Nii Ayikwei Parkes’ new poetry collection, The Geez, is a marriage of diverse subjects, styles, and pop culture. Take these opening lines from “Frankenstein”:
You know that Kareem Abdul Jabbar hook
shot, right? Drexler’s glide, Pippen knocking
the ball away from someone’s control to send it
up to Air.
It is in this way that the UK-born, Ghana-raised Parkes connects beauty and sorrow and, like a basketball player, dunks his words into the readers’ mind.
The Geez contains 42 poems partitioned into four sections: “Game,” “Eros,” “Eaux,” and “Zest.” The eleven poems in “Game” tackle the pros and cons of family life, grief, loss, and Blackness. Parkes hinges these poems on a multitude of references: football, basketball, mathematics, rap, and jazz. Another poem in this section, “Seeing Eyes,” tells of familial love that beats understanding: a blind grandmother who can recognize her grandchild just by sensing his presence:
I recall hiding from my grandma, her dark eyes imprisoned behind cataracts
I was always stunned how easily she found me.
The fourteen poems in “Eros” are concerned with matters of love, especially the romantic and sexual. The imagery here is clear, the words precise. Some of the poems have trauma lurking beneath their surfaces but Parkes lets the beauty of bodies coupling and uncoupling to shine through. “A Concise Geography of Heartbreak” veers off the course of the romantic into the political. In three parts, it narrates the arrival of European colonizers on African soil; it tells of how the colonizers “whisper in your ears/ nibble on your lobes/ sending a shiver running through you” and then fleece the people of their natural resources. But the people soon jerk out of their folly and reclaim their land: “even if the new country you carve is/ an assembly of broken things, it is yours.” The poem demands a different kind of love: self-love.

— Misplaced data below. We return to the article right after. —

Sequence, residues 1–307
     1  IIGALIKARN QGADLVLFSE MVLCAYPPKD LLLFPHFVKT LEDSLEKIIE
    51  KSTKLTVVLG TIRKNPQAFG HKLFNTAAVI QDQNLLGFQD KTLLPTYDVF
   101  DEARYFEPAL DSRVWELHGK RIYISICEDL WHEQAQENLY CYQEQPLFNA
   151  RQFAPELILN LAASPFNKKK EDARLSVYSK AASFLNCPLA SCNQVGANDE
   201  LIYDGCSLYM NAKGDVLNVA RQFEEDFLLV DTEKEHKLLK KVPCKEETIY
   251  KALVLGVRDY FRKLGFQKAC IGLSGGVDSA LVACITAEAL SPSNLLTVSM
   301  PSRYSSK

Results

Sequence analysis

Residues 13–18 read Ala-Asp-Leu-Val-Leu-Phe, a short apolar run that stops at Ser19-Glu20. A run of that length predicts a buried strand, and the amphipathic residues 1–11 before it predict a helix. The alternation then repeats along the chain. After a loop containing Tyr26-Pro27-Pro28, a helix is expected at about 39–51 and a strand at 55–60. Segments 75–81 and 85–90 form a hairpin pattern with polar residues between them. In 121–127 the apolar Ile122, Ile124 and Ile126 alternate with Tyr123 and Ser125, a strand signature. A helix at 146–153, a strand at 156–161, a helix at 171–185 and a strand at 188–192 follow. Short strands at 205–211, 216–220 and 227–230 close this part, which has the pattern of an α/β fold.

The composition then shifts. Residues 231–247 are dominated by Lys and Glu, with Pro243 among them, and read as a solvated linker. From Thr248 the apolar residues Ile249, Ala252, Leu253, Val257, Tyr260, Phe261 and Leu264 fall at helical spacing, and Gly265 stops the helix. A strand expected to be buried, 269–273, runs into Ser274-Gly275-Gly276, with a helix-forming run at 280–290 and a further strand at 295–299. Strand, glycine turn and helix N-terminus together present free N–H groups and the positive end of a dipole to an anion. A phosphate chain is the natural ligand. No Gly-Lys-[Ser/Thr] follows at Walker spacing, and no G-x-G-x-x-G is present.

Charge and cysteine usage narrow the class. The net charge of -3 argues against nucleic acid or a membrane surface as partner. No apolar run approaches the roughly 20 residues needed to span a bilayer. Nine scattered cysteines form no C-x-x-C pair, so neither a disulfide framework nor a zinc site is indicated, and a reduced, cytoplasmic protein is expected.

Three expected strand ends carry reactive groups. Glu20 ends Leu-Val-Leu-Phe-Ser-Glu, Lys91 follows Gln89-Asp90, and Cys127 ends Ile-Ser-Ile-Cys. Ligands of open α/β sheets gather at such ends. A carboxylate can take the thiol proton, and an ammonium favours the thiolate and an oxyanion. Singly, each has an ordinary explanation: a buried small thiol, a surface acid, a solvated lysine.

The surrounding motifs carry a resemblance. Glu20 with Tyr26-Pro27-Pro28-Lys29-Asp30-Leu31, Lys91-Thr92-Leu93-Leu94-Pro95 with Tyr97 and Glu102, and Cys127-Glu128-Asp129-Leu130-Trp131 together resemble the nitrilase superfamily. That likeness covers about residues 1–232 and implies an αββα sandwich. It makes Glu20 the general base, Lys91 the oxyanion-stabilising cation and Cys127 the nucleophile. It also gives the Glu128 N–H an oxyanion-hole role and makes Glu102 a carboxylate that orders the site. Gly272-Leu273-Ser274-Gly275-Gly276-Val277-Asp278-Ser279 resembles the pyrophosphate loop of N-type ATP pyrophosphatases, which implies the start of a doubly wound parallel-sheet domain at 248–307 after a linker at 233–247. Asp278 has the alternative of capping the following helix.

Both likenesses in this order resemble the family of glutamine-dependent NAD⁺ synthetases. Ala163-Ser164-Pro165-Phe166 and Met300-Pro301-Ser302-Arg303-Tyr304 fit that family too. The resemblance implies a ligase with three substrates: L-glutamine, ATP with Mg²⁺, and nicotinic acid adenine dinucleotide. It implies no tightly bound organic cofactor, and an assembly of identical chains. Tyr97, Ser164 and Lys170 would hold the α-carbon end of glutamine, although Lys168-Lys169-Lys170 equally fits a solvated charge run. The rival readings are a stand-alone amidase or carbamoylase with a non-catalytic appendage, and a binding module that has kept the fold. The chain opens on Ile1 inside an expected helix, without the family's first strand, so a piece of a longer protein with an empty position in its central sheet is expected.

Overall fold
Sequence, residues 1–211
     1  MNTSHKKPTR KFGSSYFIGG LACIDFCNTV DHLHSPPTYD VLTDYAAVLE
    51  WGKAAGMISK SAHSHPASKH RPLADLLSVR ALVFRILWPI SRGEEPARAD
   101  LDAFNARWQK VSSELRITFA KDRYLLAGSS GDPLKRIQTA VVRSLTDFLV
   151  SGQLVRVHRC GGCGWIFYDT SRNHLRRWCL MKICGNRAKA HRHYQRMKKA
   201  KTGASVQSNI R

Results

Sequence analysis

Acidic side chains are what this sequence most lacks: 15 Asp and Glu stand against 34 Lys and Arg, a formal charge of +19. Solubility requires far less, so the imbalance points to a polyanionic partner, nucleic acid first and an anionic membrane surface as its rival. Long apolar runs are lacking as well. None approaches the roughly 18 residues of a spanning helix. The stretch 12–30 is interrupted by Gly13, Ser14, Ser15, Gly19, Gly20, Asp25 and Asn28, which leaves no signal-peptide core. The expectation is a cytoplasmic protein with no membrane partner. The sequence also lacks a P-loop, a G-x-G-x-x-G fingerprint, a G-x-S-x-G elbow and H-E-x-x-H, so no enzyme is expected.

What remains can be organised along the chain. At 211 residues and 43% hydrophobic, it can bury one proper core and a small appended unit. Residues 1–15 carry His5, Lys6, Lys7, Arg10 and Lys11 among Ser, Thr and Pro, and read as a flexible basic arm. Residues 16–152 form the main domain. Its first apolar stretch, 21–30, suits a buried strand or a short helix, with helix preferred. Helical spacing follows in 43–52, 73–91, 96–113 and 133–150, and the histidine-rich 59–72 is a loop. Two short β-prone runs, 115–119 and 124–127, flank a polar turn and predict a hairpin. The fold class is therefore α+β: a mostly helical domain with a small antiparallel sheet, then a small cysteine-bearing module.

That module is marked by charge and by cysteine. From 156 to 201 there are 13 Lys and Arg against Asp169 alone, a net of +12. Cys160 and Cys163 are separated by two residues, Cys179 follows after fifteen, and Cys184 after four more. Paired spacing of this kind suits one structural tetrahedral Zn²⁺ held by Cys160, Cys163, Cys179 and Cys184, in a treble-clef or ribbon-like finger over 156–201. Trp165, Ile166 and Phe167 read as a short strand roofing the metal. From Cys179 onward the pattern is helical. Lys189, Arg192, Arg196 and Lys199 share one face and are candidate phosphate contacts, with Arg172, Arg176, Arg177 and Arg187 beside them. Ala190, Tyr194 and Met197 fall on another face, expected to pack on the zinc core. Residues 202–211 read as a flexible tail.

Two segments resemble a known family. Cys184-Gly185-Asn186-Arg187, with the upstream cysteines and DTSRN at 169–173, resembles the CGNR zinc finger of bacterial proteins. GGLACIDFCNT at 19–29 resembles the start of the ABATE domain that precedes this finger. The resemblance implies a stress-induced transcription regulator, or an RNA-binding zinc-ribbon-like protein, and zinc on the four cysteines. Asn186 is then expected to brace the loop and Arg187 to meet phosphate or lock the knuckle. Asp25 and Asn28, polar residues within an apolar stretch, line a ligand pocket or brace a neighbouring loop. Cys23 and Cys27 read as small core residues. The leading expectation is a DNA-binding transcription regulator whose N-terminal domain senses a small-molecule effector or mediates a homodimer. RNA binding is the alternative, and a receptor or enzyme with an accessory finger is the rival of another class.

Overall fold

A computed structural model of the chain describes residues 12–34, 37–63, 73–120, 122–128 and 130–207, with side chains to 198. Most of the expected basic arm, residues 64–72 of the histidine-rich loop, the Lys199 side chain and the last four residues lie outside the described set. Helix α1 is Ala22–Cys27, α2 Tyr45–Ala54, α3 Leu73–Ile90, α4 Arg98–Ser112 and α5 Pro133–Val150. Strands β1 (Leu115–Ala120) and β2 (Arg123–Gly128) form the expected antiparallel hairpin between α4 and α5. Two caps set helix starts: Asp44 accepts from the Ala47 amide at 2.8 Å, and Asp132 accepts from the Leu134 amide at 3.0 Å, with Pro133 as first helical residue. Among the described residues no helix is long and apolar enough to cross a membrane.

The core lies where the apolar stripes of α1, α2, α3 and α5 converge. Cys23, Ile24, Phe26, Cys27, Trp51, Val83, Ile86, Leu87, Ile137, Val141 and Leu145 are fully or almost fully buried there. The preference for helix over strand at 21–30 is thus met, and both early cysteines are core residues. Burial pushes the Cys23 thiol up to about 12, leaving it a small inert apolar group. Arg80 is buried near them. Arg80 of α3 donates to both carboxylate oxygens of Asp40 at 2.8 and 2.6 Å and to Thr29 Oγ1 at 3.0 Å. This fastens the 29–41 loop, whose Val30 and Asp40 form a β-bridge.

“Caress,” one of the poems in the third section, “Eaux,” is a narration in nine parts, of stories of lovers, of love-gone-sour, and son-mother battles.
It is easy to be misled when your head lies
in the lap of a lover who promises all
the things you want your life to be filled with, without
so much as a skipped heartbeat.
Of the eight poems in the fourth section, “ZEST,” “CROSSROAD VS BLUES (or You Wouldn’t Talk about Crossroads If You Knew My Life)” stands out. It begins with lyrics from the blues song “Crossroads,” by Robert Johnson. It travels back to the early 1900s and, through 12 personas, tells of the harsh realities that black Americans endured, their unshaken courage to push through and conquer. This is Stevie, one of the poem’s persona:
Had a mean old daddy, his hands rained pretty heavy
Had a sour-faced old man whose palms were rough and heavy
I learned real, real quick, Stevie gotta take care of Stevie.
Parkes develops a device called the Gimbal. It is a style of four or five run-on lines and a succeeding single line. Parkes has said that it “conjures the workings of a gyroscope,” continually being on the move emotionally, figuring things out, and yet not stopping because time never stops. In “Of Serendipity,” Parkes refers to gyroscopes as “objects with a steady core.” Within the strengths of this collection—strong imagery, a perfect blend of humour and solemnity—the Gimbal shines.
In The Geez, Parkes succeeds in documenting personal pains and desires and the ills and beauty of the world.
The Geez is published by Peepal Tree Press.
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